Publicly-Traded Paternity
December 29, 2005 6:14 AM   Subscribe

How do I investigate/trackback brands/products/companies to determine if they are (subsidiaries of) publicly traded companies?

My wife and I have come up with a list of companies that we use on a daily basis, or believe in their corporate vision, etc so that we want to look into investing in them. But how does one track down the publicly traded firms, determine if they are subsidiaries of publicly traded companies, are traded on an international exchange (I am in the US), or are private companies. We have a list of about 100 companies/products/brands right now and it will be growing so going to their individual websites and digging seems conterproductive. I would ideally want to find a free website/database where I could type in the product/brand and trackback to the parent company, but the only sites i've found thus far are fee-based (s&p, d&b).
posted by iurodivii to Work & Money (7 answers total)
Best answer: Who Owns What does a good job with media companies.
Knowmore is a cleverly-disguised wiki with lots of information.
If you're willing to pay, Corporate Affiliations probably has the best data since it's from Lexis Nexis.
Hoovers has some good free data.
Lexis Nexis also offers free brand name lookups.
posted by revgeorge at 6:41 AM on December 29, 2005

I should add that the person I stole all those links from says the last one (Redbook) is the best.
posted by revgeorge at 6:55 AM on December 29, 2005

I would also suggest checking out the CorpKnowPedia.
posted by magnetbox at 6:59 AM on December 29, 2005

Response by poster: Hoovers and Redbook are the kind of sites I'm looking for, thanks revgeorge!
posted by iurodivii at 7:17 AM on December 29, 2005

The primary sources for this sort of thing are SEC filings.
posted by raaka at 9:03 AM on December 29, 2005

Perhaps a meta-answer, so I apologize, but I'd suggest you reconsider your basis here. Picking companies to purchase stock in based on approving of their corporate policies is probably a poor investment technique.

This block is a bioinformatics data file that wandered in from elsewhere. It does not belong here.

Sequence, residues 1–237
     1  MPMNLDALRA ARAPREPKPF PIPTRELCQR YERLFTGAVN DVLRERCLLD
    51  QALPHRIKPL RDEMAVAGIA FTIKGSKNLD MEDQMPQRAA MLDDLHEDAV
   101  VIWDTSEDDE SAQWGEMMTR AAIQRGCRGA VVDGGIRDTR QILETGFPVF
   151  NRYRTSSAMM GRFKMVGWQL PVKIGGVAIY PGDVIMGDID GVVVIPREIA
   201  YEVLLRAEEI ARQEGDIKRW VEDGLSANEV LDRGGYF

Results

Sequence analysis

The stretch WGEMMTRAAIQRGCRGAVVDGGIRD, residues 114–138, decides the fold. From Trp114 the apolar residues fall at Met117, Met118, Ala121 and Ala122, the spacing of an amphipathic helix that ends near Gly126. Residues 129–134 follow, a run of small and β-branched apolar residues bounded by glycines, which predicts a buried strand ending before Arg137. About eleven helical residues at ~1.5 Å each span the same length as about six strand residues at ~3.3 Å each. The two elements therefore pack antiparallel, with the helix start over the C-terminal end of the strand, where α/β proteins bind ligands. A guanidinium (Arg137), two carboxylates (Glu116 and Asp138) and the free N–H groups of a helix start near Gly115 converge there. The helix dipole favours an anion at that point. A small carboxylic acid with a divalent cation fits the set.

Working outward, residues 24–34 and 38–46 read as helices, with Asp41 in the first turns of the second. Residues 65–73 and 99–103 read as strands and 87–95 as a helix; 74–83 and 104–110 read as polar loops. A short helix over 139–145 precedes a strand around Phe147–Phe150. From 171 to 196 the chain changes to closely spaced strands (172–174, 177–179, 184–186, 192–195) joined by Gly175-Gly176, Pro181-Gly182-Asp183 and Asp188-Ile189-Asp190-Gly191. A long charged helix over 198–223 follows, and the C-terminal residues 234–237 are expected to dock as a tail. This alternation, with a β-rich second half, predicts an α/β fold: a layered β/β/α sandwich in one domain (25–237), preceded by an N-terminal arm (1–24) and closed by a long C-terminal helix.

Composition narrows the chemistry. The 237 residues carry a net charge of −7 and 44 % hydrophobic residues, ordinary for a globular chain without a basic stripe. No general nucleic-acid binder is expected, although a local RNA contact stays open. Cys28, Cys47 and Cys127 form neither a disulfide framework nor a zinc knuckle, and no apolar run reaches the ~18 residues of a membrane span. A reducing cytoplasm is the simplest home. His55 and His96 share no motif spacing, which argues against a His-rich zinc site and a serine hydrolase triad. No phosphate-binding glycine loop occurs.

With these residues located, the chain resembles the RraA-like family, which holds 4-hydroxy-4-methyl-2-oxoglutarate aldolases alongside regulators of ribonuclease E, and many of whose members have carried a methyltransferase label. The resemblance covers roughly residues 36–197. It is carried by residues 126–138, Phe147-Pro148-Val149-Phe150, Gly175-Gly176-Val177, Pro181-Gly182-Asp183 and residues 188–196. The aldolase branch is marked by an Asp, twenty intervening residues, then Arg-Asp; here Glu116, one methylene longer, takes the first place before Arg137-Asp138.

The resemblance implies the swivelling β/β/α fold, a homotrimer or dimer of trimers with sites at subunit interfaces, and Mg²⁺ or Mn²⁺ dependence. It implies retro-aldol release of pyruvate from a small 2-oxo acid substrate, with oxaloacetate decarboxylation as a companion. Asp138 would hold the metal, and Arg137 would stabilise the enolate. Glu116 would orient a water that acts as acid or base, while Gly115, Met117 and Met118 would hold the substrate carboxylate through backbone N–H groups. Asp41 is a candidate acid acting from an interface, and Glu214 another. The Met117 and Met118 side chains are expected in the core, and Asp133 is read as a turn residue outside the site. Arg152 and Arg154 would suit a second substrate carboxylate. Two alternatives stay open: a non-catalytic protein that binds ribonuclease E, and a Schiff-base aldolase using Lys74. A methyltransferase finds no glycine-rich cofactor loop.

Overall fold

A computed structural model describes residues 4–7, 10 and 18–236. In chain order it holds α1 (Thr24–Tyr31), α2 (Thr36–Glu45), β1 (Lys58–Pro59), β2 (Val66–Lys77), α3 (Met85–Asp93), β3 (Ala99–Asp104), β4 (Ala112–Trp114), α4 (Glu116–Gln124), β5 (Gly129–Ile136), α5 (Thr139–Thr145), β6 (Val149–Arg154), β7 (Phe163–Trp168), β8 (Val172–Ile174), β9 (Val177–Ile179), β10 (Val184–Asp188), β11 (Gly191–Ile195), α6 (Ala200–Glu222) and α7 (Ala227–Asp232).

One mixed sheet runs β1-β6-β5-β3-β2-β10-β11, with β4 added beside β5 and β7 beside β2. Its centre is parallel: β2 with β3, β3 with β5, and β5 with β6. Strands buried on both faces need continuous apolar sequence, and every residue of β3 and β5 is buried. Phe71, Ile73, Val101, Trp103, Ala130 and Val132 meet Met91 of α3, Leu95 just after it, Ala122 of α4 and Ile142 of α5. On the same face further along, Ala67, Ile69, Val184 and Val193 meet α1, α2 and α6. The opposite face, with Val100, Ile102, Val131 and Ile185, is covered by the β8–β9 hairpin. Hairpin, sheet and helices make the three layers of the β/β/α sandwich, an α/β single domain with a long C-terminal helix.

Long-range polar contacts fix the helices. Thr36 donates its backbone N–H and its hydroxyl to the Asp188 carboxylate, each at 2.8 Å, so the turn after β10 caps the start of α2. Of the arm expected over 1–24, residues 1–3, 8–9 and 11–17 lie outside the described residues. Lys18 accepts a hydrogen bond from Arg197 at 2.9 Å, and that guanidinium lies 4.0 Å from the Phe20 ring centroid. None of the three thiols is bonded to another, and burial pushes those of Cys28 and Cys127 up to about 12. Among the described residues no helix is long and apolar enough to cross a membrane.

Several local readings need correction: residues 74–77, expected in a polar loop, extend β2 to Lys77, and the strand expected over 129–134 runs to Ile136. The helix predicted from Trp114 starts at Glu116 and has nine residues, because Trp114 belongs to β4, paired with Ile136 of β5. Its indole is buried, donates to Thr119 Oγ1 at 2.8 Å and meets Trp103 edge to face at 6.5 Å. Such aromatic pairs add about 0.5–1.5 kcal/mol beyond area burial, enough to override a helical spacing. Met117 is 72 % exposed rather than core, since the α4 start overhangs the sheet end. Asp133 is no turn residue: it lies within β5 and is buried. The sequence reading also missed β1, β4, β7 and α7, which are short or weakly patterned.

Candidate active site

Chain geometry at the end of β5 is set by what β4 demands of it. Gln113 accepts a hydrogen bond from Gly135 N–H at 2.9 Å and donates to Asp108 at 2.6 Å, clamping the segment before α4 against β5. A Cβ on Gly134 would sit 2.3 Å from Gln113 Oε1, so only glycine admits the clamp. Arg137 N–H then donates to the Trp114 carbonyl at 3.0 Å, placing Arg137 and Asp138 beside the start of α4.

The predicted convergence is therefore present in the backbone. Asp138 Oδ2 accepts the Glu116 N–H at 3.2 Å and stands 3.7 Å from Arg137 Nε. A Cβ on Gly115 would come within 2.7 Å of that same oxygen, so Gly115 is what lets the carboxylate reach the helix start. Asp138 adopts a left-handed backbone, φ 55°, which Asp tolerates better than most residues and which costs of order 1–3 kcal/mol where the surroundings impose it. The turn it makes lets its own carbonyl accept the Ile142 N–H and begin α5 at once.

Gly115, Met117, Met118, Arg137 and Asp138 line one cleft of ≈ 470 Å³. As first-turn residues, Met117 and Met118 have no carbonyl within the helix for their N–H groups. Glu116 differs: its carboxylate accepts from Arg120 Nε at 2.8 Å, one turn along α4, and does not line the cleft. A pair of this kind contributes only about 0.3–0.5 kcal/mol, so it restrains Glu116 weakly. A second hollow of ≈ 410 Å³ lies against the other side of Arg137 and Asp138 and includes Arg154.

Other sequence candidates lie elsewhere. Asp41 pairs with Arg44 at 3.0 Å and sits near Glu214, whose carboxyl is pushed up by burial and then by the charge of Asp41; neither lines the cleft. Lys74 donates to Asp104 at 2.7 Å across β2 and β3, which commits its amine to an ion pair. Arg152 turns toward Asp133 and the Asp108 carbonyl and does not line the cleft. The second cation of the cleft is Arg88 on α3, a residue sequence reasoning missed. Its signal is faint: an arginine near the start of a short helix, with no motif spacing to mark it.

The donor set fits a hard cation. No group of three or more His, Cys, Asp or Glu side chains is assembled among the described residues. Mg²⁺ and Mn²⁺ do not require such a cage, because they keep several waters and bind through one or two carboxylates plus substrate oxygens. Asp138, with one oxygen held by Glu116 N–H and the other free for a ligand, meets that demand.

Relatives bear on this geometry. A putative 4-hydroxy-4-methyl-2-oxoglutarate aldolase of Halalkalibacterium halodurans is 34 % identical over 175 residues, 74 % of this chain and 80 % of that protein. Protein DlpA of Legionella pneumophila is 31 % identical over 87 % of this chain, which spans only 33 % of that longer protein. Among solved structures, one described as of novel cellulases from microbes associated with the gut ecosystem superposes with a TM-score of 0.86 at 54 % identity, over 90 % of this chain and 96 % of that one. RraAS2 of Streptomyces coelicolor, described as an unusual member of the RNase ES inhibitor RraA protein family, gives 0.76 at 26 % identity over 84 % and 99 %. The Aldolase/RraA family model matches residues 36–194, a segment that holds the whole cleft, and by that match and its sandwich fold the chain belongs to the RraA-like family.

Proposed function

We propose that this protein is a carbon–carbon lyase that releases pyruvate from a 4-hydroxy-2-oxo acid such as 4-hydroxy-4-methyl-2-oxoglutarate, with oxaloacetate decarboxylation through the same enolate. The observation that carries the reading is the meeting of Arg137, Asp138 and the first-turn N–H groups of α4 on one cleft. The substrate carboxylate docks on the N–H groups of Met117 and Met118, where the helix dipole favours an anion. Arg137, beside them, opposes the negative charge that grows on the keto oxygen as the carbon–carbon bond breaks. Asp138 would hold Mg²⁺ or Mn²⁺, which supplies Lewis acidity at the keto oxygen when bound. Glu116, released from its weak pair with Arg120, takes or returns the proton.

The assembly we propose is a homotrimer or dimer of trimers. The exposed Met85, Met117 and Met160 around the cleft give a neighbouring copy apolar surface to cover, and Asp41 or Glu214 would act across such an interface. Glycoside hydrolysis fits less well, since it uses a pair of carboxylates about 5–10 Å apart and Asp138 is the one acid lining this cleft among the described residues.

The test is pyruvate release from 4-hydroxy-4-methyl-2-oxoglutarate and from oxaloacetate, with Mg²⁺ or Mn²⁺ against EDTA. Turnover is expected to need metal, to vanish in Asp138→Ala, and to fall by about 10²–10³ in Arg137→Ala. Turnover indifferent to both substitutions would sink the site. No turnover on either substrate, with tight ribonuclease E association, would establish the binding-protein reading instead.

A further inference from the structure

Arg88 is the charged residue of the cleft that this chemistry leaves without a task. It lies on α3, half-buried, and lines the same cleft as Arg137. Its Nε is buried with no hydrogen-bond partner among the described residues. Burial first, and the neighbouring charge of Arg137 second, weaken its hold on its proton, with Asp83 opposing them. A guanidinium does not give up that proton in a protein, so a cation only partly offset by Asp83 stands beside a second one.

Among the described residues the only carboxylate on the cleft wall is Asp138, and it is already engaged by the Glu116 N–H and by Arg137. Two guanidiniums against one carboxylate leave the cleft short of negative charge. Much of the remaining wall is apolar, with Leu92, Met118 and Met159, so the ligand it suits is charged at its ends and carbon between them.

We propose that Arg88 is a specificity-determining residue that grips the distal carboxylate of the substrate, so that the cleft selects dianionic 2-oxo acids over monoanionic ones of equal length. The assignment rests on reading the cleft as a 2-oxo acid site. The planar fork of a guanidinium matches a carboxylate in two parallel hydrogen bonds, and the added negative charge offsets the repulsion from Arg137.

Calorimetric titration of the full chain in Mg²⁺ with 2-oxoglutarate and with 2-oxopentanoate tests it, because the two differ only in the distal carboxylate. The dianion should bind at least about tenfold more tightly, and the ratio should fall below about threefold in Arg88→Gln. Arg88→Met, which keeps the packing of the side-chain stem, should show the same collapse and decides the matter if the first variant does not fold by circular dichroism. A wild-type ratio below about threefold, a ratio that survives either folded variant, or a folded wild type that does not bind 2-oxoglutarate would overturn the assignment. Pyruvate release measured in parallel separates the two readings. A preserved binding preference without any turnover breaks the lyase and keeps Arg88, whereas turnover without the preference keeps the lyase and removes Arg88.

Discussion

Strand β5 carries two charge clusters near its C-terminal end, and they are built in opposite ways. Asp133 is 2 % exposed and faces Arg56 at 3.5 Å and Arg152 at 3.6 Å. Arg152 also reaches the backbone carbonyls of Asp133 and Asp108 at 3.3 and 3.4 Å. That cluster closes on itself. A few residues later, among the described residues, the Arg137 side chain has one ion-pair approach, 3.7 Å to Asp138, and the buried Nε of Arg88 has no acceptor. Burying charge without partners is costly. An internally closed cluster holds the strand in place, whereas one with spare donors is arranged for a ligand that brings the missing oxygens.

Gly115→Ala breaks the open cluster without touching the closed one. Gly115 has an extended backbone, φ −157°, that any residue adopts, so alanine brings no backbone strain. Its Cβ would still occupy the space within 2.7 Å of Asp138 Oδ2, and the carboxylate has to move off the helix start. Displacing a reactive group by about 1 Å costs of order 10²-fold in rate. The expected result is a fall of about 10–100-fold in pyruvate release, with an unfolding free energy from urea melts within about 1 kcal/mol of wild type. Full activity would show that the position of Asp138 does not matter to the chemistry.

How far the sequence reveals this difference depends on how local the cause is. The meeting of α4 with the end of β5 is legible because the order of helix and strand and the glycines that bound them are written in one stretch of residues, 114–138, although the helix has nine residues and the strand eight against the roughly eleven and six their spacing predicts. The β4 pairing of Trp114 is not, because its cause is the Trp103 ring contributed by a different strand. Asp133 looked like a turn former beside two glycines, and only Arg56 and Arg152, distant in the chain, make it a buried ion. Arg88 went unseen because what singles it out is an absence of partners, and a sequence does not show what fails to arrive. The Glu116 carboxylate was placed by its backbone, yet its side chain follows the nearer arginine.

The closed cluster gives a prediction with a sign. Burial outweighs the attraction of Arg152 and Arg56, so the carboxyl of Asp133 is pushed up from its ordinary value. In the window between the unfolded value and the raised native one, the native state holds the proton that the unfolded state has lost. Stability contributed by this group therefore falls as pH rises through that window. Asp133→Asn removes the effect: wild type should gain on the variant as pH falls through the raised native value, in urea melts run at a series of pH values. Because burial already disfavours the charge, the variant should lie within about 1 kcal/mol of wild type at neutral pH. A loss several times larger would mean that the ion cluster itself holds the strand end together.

If you're talking about investing your money directly with them, or possibly an IPO purchase, there's some clear link between your dollar and their ability to do business. Trading in a stock already on the market is a little more nebulous - who you are really doing business with is all the other people who have purchased that stock in the past or may want to purchase it from you in the future. By trading in that stock you are participating more in the enrichment of those individuals or agencies than anyone else.

You would probably be better off using something similar to the Fool's Dogs of the DOW strategy but add the excising of companies from the list if they offend your sensibility.

You're going to make a larger difference in a company's success by being a consumer of their product/service and an advocate for them than you are as an owner of a share.
So you're probably doing more good by being successful while adding integrity to your investments than you are by buying on company vision first and profitability second.
posted by phearlez at 10:59 AM on December 29, 2005

Response by poster: phearlez your answer intrigues me enough that i must respond. I myself have expounded the idea that trading stocks only affects the current buyer/seller; but in this case I am most interested in following companies whose ideologies/forward thinking products are something that I believe (or even hope) will add to the quality of life to such an extent that their stock will reflect this. So my response to you is that I am investigating these stocks not because I believe that owning them will affect the company but that I know these companies I am referencing will affect their equity shares in the coming years. This question's topic is being used to track back to the parent/holding companies which i am then putting thru a decently rigorous financial statement-based inquiry to settle on actual investment-potential companies so that profit and sound business management is the final say on these investments. This question does not encompass my investment technique but is a single step in my process. I have looked at your link and find it a gamble on historical premise [I hold to the idea that investments for periods shorter than, say, 1 year minimum, are most certainly speculative] and it seems only slightly correlated to actual profitability -- as dividends are something voted on and not directly required by any measure of profitability. I do appreciate your meta-answer as it certainly touches on a salient point.
posted by iurodivii at 9:20 PM on December 30, 2005

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